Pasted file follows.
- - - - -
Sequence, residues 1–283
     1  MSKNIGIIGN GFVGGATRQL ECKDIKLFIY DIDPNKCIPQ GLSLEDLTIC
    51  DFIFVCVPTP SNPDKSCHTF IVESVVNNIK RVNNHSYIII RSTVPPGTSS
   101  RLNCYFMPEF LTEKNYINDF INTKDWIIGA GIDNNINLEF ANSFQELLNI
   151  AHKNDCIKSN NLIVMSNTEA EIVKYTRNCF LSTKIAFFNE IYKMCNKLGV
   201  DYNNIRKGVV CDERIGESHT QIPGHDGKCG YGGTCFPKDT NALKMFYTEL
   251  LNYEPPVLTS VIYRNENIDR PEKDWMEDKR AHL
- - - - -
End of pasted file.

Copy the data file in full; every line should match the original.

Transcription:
Sequence, residues 1–283
     1  MSKNIGIIGN GFVGGATRQL ECKDIKLFIY DIDPNKCIPQ GLSLEDLTIC
    51  DFIFVCVPTP SNPDKSCHTF IVESVVNNIK RVNNHSYIII RSTVPPGTSS
   101  RLNCYFMPEF LTEKNYINDF INTKDWIIGA GIDNNINLEF ANSFQELLNI
   151  AHKNDCIKSN NLIVMSNTEA EIVKYTRNCF LSTKIAFFNE IYKMCNKLGV
   201  DYNNIRKGVV CDERIGESHT QIPGHDGKCG YGGTCFPKDT NALKMFYTEL
   251  LNYEPPVLTS VIYRNENIDR PEKDWMEDKR AHL